site4“African-American women have been victimized by race, gender, and class oppression. But portraying Black women solely as passive, unfortunate recipients of racial and sexual abuse stifles notions that Black women can actively work to change our circumstances and bring about changes in our lives. Similarly, presenting African-American women solely as heroic figures who easily engage in resisting oppression on all fronts minimizes the very real costs of oppression and can foster the perception that Black women need to help because we can ‘take it.’”  –Patricia Hill Collins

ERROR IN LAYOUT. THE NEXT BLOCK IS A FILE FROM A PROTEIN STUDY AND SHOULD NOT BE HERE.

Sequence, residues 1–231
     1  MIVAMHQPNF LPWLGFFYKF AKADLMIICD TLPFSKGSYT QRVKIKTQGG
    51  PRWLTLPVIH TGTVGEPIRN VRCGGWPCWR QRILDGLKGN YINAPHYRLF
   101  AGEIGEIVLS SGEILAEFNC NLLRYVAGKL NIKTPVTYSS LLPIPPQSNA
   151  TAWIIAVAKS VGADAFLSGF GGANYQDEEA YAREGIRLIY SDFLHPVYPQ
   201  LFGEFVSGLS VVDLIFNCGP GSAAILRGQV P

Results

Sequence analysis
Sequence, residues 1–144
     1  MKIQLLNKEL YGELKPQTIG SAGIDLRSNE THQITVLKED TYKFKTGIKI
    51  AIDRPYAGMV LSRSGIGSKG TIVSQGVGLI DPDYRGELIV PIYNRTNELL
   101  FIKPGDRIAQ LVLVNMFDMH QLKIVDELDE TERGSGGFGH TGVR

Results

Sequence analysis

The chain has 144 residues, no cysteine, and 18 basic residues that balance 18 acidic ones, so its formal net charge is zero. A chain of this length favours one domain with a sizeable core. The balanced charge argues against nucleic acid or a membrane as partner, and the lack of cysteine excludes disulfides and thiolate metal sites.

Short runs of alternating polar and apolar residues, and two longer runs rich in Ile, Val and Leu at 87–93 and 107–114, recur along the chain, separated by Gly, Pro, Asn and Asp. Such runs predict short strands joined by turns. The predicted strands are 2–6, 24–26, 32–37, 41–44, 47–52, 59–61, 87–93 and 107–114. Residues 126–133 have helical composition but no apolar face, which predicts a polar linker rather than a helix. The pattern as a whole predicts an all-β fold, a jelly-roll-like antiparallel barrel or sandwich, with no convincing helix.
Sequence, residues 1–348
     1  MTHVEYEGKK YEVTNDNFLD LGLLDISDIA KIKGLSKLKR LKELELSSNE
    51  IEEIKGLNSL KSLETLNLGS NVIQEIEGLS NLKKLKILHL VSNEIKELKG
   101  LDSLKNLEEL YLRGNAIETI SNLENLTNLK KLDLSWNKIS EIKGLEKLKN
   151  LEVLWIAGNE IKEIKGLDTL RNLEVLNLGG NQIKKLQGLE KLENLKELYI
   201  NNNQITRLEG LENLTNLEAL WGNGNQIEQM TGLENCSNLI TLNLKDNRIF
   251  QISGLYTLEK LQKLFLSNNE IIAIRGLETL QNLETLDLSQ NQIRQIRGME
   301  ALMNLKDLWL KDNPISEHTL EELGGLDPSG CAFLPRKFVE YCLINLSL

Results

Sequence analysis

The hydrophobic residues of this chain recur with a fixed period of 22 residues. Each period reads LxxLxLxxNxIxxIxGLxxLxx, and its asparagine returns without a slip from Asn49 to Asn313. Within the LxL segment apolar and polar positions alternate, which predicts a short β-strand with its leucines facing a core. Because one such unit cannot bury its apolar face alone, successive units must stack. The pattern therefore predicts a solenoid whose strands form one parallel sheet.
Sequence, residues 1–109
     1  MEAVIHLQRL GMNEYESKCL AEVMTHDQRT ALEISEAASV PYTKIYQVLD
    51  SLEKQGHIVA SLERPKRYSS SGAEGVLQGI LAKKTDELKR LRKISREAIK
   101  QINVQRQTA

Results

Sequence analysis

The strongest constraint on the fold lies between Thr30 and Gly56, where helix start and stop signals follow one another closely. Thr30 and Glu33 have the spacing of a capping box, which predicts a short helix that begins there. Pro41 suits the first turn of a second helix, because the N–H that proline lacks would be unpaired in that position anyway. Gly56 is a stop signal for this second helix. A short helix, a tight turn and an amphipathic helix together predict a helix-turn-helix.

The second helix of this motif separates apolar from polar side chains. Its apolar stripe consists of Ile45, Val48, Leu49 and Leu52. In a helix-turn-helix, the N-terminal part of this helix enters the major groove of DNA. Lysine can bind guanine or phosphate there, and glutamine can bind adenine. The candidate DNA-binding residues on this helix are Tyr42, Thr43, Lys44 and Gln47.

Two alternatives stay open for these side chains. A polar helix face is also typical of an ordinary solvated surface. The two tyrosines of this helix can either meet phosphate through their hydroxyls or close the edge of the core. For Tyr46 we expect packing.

Bright, E. M. (2003). Reviving America’s forgotten neighborhoods: An investigation of inner city revitalization efforts (Vol. 13). Psychology Press.

Carmon, N., & Hill, M. (1988). Neighborhood rehabilitation without relocation or gentrification. Journal of the American Planning Association, 54(4), 470-481.

Labor Force Statistics from the Current Population Survey – Unemployment. (2000). Bureau of Labor Statistics [Data file]. Retrieved from

Southwestern Pennsylvania Community Profiles – University Center for Social and Urban Research, University of Pittsburgh. (2015). Demographics, Housing and Properties, Economy Overview [Data file]. Retrieved from

“SWPA Community Profiles.” SWPA Community Profiles. University Center for Social and Urban Research, n.d. Web. 20 Mar. 2016.

Weiss, M. A. (1980). The origins and legacy of urban renewal.